Early-onset GDM linked to adverse pregnancy outcomes
Gestational diabetes mellitus (GDM) diagnosed early by oral glucose tolerance test (OGTT) at 18 to 20 gestational weeks predicts maternal and neonatal metabolic disorders as well as pregnancy outcomes, a study has found.
In this prospective cohort study, each of the 522 participants underwent two OGTTs: an early OGTT at 18 to 20 gestational weeks and a standard OGTT at 24 to 28 gestational weeks. The authors analysed the reproducibility between early and standard OGTT. They also compared the maternal and neonatal metabolic disorders and pregnancy outcomes across groups.
All participants completed both the early and standard OGTTs. Glucose values in the early OGTT were not significantly different from those in the standard OGTT (fasting: 4.31±0.41 vs 4.29±0.37 mmol/L; p=0.360; 1-hour: 7.68±1.71 vs 7.66±1.59 mmol/L; p=0.826; 2-hour: 6.69±1.47 vs 6.71±1.39 mmol/L; p=0.800). Early and standard OGTT results had a reproducibility of 74.9 percent.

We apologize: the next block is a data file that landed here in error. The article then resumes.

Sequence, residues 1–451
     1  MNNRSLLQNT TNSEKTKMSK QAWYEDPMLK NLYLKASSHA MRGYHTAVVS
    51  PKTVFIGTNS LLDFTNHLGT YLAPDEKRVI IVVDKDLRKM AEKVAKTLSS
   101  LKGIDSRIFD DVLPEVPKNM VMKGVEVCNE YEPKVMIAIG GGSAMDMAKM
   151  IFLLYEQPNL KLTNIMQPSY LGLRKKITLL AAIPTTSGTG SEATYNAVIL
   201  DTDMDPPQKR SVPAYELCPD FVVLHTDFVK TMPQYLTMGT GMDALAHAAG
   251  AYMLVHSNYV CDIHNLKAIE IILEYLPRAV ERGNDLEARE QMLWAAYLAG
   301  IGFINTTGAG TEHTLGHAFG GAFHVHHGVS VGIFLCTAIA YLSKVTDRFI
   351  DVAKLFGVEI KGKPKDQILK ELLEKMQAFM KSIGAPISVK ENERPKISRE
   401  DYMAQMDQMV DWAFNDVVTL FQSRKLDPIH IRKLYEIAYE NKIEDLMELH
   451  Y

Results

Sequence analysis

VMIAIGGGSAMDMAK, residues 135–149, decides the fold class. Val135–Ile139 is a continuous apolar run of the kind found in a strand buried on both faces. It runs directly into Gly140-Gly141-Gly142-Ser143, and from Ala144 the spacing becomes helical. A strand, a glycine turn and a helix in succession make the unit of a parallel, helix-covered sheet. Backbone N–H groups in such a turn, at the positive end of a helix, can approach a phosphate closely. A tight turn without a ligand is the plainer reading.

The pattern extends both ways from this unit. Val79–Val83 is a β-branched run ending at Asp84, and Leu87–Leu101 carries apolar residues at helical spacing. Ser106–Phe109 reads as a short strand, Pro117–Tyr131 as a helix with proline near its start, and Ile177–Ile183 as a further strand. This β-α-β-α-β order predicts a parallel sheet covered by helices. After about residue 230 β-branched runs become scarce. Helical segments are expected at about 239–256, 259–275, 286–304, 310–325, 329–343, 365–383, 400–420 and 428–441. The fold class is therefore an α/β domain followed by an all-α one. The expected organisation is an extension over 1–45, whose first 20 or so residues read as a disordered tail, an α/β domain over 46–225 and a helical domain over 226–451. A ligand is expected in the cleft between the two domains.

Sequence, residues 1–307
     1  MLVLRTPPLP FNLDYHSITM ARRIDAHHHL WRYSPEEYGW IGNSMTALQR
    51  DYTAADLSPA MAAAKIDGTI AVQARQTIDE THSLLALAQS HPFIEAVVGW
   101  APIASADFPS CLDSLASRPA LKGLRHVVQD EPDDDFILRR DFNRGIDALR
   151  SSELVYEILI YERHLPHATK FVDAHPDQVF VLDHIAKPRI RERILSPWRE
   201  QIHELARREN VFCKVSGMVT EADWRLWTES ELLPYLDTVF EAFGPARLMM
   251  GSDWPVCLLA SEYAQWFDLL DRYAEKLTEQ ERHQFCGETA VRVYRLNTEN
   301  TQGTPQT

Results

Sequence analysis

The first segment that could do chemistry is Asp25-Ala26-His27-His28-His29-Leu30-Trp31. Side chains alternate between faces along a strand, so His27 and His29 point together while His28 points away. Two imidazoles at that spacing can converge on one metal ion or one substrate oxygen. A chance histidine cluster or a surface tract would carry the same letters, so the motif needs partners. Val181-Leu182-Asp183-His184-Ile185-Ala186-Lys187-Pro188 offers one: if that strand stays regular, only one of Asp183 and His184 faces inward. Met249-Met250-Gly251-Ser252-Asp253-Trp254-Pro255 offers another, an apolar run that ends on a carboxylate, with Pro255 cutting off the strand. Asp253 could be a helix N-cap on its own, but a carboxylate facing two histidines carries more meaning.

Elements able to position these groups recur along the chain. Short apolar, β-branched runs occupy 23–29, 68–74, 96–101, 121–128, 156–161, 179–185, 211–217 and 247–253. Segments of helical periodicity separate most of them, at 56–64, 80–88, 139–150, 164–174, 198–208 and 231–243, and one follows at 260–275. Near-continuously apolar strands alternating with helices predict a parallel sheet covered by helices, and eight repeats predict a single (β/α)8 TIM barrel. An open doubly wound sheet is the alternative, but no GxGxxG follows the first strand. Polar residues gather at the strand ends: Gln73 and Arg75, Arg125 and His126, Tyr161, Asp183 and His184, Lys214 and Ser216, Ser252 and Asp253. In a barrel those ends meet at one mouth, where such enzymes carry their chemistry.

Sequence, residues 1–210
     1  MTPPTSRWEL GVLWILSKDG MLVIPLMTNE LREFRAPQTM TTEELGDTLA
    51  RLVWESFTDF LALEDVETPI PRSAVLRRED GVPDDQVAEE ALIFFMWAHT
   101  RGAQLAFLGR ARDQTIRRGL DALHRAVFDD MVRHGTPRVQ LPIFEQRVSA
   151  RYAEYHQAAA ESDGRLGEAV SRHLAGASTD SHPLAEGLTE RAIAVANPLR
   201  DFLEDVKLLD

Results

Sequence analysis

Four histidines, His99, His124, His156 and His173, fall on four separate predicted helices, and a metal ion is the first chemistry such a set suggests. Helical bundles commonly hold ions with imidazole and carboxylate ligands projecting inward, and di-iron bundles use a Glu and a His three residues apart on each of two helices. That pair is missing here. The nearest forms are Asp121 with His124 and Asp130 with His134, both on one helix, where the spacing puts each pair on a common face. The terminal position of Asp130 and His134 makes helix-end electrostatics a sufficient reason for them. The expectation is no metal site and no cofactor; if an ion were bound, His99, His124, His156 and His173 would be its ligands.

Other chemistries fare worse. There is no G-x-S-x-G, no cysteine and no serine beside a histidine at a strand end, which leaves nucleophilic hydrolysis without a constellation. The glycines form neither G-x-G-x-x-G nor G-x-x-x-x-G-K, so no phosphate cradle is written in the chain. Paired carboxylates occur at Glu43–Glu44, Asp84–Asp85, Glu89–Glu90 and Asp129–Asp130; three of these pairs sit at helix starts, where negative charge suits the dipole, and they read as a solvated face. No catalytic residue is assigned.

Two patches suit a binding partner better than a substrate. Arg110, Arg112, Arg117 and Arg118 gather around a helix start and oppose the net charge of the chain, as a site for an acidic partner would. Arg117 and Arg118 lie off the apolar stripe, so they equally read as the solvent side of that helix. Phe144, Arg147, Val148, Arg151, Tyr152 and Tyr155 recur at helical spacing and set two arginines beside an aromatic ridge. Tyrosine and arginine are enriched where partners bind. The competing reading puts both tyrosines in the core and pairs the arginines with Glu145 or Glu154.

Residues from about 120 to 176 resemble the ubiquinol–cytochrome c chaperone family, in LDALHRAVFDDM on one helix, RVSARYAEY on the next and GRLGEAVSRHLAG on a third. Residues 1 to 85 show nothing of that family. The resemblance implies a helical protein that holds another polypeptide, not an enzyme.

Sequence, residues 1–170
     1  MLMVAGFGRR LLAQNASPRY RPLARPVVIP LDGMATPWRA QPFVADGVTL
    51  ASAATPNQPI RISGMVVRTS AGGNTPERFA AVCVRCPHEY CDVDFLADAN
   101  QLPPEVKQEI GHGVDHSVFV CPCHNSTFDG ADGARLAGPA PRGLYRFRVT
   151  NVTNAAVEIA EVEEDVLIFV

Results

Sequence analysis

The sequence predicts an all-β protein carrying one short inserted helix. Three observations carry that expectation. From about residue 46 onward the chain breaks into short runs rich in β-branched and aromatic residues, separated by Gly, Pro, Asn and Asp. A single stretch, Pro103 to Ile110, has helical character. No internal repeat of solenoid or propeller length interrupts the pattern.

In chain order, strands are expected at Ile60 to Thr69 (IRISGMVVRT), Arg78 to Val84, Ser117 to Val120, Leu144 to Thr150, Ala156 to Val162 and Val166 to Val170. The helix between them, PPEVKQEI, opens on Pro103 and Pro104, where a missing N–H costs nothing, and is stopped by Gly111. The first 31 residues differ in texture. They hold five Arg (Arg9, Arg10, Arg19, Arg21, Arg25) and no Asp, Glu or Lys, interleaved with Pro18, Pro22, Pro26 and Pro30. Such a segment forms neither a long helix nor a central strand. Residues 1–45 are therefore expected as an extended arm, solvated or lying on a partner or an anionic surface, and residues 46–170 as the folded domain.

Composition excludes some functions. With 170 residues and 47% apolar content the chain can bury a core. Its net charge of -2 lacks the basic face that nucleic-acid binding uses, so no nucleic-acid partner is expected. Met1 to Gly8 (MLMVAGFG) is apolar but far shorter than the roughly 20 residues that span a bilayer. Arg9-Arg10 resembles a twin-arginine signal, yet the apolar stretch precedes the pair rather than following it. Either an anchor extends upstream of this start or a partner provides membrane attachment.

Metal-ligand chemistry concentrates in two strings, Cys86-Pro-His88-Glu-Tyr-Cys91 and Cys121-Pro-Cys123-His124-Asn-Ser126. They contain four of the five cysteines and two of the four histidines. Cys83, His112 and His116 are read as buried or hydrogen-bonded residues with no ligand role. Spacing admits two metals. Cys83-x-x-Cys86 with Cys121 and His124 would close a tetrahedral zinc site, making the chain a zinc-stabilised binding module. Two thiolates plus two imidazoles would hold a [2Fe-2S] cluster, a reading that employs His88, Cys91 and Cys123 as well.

Glycated haemoglobin, C-peptide, and homeostasis model assessment of insulin resistance in the late gestational period were higher among pregnant women in the GDM group. Neonates born to these mothers were also at greater risk of being large for gestational age (odds ratio [OR], 3.665, 95 percent confidence interval [CI], 1.006–11.91) and more prone to neonatal hyperinsulinaemia (OR, 3.652, 95 percent CI, 1.152–10.533).
“Further randomized controlled trials on the therapeutic efficacy for early-onset GDM will confirm the significance of early screening for GDM.